I have always been a weather nut; I took “elective” weather classes while in college out of passion for the science. When we moved to what has become our Tree Farm on the headwaters of One-Horse Slough, I began recording monthly rainfall amounts. When I learned about the Community Collaborative Rain Hail and Snow network (CoCoRaHS) in November 2007, I promptly joined, becoming their first station in Linn County (OR-LN-01). I’ve been reporting daily since and have now reported more than 5,000 precipitation readings. Oregon State Extension has information if you are interested in joining the CoCoRaHS citizen science network and their website can be found here. www.cocorahs.org/
Living in Western Oregon, you might think it rains all the time. On the contrary, it rains only about half of the days of the year. Some of those days are clustered while others are spread apart. However, only six of the past 240 months have been rainless – five Julys and one August. The greatest annual precipitation was 62.33 inches in 2012 while the least annual precipitation was 35.21 in 2013. Wet followed by dry. The most single-month precipitation was 15.93 in November 2006. The average annual precipitation during the past 20 years is 47.65 inches. My poor brothers in California might have had 4 inches for the entirety of 2021, so when they do get rain, they refer to it as “Oregon Missed.”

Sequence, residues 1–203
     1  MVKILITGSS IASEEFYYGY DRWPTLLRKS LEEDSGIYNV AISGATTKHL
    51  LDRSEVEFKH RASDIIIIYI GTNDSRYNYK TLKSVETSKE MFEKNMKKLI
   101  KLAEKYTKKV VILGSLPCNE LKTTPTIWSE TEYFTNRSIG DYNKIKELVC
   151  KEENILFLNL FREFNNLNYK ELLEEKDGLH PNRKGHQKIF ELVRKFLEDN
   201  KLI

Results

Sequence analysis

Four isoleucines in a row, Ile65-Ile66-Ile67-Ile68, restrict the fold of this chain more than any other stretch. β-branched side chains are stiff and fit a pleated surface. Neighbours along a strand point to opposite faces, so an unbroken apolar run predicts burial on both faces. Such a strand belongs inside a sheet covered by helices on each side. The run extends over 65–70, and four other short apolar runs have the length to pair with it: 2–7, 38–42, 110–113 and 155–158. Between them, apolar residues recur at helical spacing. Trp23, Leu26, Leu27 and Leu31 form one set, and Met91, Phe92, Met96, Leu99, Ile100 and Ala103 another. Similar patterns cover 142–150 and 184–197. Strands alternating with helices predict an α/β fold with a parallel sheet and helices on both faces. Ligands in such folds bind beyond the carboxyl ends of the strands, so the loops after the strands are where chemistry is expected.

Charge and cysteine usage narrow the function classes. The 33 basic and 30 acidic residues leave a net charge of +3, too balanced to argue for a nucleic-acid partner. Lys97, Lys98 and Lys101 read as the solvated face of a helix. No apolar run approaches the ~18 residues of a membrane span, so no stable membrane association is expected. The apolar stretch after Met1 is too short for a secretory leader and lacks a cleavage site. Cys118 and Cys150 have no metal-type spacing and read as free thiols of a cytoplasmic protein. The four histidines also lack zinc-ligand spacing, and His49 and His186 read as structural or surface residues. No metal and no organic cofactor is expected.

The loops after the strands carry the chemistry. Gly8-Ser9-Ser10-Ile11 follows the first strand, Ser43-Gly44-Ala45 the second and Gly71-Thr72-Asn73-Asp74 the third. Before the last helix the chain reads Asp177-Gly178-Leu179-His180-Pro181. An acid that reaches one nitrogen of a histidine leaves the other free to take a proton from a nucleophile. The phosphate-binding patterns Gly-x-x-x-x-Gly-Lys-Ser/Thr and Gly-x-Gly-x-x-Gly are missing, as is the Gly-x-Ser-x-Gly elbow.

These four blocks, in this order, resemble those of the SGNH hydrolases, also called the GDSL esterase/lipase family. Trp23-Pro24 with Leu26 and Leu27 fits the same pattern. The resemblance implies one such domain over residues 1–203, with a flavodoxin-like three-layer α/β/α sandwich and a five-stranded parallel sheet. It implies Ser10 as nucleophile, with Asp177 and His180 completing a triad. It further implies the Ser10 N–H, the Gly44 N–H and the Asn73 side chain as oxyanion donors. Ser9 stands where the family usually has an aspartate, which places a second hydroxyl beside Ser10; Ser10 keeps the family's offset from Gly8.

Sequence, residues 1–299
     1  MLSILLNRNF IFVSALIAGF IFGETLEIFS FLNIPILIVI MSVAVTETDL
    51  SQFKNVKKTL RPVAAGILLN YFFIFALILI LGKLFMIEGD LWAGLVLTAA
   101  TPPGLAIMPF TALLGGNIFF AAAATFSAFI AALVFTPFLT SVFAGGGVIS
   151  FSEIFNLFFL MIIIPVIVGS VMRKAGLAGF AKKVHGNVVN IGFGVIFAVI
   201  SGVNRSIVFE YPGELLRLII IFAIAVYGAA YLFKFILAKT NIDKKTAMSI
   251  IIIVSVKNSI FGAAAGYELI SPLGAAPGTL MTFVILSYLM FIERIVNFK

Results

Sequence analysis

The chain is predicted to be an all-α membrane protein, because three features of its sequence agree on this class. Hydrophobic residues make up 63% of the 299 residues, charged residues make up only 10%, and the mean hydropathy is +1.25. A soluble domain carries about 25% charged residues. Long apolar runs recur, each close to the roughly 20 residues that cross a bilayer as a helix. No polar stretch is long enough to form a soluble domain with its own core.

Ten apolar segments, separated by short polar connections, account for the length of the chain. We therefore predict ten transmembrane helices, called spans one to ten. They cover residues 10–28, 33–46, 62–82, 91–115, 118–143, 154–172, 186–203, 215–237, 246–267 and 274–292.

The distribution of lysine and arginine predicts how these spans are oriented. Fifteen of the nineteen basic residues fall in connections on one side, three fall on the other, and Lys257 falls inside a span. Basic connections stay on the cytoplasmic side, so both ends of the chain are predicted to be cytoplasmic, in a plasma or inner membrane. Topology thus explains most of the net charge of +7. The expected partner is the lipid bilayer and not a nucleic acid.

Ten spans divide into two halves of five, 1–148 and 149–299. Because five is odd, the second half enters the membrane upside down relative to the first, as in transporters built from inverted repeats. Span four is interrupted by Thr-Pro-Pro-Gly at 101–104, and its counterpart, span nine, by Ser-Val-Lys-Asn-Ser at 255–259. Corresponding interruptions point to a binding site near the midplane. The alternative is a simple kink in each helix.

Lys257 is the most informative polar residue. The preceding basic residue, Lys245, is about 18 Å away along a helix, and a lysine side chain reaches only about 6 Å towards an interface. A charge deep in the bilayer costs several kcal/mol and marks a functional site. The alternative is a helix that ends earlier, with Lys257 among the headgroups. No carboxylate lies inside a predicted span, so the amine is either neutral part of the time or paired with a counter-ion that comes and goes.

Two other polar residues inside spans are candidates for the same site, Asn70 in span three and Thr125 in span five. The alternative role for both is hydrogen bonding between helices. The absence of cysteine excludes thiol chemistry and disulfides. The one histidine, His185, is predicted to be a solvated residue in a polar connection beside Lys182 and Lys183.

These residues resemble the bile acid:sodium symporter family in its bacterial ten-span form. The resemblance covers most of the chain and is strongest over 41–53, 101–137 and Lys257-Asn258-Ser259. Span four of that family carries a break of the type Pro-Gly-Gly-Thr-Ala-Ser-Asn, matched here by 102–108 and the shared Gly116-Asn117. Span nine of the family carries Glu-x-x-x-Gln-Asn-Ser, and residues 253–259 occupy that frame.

My total precipitation for 2021 was 45.01. About two and half inches short of my 20-year average. We tried to catch up the past few months but didn’t quite make it. By late September, there was only 24.62 inches in the rain gauge for the year — among the driest years of the past two decades. We received almost 4 inches for the first week of 2022, a good start for the year. With El Nino we might an above average year for precipitation. As of January 6, the U.S. Drought Monitor has listed Linn County in the D1 or “moderate drought” category.